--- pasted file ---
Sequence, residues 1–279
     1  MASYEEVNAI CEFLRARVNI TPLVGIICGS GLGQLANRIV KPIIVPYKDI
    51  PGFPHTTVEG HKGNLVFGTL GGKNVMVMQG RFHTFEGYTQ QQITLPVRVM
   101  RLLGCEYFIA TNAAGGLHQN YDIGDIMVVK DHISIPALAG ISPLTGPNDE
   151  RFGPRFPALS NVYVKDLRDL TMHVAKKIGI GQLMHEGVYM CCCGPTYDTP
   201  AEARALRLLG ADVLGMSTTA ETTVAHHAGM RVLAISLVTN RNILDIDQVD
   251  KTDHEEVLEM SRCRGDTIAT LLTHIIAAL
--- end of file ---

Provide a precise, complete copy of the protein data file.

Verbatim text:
Sequence, residues 1–279
     1  MASYEEVNAI CEFLRARVNI TPLVGIICGS GLGQLANRIV KPIIVPYKDI
    51  PGFPHTTVEG HKGNLVFGTL GGKNVMVMQG RFHTFEGYTQ QQITLPVRVM
   101  RLLGCEYFIA TNAAGGLHQN YDIGDIMVVK DHISIPALAG ISPLTGPNDE
   151  RFGPRFPALS NVYVKDLRDL TMHVAKKIGI GQLMHEGVYM CCCGPTYDTP
   201  AEARALRLLG ADVLGMSTTA ETTVAHHAGM RVLAISLVTN RNILDIDQVD
   251  KTDHEEVLEM SRCRGDTIAT LLTHIIAAL